We call films realistic without maybe truly understanding the point we make, to make it sound like a profound and right film. Court isn't realistic, but real and this is because its director is such. I wait with bated breath to see where Tamhane goes next.

Anup Singh for Qissa: The Tale of A Lonely Ghost

Bringing together his childhood penchant for listening to culturally rooted folk tales, the pains of a people banished from their lands that resonate generation after generation and the complex issues of gender discrimination, identity crises and patriarchy that sadly resonate till today. Anup Singh crafts a film that has heart, mind and soul.

In a film with such deep complexities and notions to ponder on, Singh manages to bring about a technical finesse that paints the film as its own chilling yet painfully true folk tale.

Structuring it as such allows him to give an emotional crux to his narrative, portrayed by his well etched characters and extracted from his performers with some well mastered queues and understandings of the human psyche; specifically the identity crisis that befalls both Umber and Kanwar.

It's a tight ship he reigns in even when the film takes the turn for the supernatural and still feels credible to his vision without diluting the thematic argument he is putting forward. This is a captain with his ship set firmly on course.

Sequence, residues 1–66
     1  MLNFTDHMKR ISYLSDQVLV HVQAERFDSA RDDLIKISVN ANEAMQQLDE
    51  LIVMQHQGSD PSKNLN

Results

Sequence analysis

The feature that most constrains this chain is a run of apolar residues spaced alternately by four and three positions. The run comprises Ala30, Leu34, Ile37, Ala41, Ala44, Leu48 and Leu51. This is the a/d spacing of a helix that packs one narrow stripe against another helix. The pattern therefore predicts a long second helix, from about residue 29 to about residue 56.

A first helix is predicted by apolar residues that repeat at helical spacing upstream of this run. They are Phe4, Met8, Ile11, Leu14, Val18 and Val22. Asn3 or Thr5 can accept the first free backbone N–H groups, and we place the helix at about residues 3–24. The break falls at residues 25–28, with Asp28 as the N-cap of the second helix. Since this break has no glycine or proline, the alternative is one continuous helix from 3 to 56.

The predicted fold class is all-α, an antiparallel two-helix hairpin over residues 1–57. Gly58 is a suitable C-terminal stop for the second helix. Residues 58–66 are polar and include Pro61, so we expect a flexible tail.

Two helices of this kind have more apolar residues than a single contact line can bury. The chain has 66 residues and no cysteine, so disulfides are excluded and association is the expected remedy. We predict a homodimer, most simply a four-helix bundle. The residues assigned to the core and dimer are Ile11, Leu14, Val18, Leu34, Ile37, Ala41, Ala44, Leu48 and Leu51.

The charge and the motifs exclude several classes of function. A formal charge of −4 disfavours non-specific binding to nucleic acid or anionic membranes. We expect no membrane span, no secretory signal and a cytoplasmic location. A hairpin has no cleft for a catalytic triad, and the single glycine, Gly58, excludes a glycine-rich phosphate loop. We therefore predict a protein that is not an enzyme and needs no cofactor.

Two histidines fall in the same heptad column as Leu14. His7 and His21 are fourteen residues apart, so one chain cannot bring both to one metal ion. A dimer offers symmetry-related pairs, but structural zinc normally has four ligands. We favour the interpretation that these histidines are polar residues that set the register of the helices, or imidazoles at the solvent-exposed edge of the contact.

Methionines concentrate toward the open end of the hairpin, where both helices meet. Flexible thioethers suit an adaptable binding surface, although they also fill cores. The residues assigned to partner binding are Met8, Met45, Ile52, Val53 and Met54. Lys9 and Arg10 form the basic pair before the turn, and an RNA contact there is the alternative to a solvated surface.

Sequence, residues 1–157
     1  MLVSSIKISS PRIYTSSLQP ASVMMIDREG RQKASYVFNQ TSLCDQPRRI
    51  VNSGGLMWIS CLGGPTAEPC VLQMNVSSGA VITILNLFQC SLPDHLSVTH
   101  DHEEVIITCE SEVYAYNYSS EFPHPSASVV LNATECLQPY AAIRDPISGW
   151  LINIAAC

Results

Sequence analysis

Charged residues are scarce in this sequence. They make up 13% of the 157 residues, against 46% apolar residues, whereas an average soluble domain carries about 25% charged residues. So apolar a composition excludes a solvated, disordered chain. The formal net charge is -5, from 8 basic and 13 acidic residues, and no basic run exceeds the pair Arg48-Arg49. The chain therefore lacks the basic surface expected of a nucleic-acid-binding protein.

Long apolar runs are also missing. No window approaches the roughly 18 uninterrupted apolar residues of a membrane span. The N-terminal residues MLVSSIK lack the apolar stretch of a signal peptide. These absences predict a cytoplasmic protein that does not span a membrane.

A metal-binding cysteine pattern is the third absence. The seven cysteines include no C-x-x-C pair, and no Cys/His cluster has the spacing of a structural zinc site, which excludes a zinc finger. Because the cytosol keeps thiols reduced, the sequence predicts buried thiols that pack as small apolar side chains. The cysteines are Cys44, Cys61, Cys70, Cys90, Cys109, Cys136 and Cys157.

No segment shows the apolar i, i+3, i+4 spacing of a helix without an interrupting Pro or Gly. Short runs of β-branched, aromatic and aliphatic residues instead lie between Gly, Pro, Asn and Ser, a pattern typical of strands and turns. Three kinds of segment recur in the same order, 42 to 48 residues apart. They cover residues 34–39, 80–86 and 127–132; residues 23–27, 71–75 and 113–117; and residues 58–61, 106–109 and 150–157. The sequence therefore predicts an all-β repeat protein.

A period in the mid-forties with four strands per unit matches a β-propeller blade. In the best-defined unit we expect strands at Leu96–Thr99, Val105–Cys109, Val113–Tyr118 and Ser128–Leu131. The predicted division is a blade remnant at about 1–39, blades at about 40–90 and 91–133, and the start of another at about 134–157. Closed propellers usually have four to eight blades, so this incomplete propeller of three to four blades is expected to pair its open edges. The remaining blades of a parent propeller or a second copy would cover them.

S.S. Rajamouli for Baahubali: The Beginning

[Foregoing the atrocity he as the leader of his film commits against Avantika's character-the dubbed Rape-Gate]

In a sea full of rookies, Rajamouli the veteran brings something a bit different and right in his wheelhouse. Fantasy/Mythological Period films are a risk that filmmakers rarely take, not so in the South but even then rarely.

Rajamouli has opened the flood gates; catapulting him right into the stratosphere with his grand idea anointing him a visionary for the ages. A film in the day and age of social media rarely gets to make a statement before naysayers are dissecting it for mistakes or supporters hype it to the point of oversaturation.

Make no mistake, the same did happen with Baahubali. Yet Rajamouli still stands because he builds a myth from ground up with such conviction, finesse and mastery; one cannot help but stand up for applause. It's a phenomenon unlike anyone has ever seen in Indian cinema and at the center of it is one man and his aspirations and dreams.

And the Winner is…

Chaitanya Tamhane for Court!

Each of these men is a winner no matter what in what has been a strong race for cinema around India . The fact that four are debutantes just exemplifies how great Indian cinema is going to get in the near future.

Up Next: Which film picks up the BIG ONE? The HIndie Award for Best Regional Motion Picture!!!

'Nuff Said

Aneesh Raikundalia